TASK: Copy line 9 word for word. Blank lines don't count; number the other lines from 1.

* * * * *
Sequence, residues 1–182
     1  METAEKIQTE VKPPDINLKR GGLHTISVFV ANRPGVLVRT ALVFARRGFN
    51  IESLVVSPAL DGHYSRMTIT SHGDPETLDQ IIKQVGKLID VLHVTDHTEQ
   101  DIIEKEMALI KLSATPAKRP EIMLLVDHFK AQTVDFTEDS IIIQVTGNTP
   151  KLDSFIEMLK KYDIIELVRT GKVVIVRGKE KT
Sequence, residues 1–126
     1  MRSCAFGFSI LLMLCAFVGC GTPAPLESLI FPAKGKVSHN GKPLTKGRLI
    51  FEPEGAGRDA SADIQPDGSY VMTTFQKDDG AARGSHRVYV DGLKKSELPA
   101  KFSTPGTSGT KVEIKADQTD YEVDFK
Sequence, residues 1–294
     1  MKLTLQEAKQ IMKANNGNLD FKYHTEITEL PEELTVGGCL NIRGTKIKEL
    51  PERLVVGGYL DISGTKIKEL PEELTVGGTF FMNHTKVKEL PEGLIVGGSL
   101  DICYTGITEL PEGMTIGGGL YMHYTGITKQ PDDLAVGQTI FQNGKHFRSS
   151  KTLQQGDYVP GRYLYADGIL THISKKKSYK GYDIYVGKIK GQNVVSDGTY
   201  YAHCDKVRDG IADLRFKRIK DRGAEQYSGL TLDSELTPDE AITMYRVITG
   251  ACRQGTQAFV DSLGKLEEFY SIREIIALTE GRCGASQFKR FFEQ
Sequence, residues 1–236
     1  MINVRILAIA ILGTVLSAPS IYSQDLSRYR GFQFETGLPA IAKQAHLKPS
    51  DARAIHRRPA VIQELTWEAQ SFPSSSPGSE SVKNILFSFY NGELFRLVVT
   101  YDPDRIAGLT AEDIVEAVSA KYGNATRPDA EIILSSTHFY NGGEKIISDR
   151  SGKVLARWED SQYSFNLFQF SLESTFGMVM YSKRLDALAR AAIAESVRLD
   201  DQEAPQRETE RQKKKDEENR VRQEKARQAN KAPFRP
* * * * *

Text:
   101  KFSTPGTSGT KVEIKADQTD YEVDFK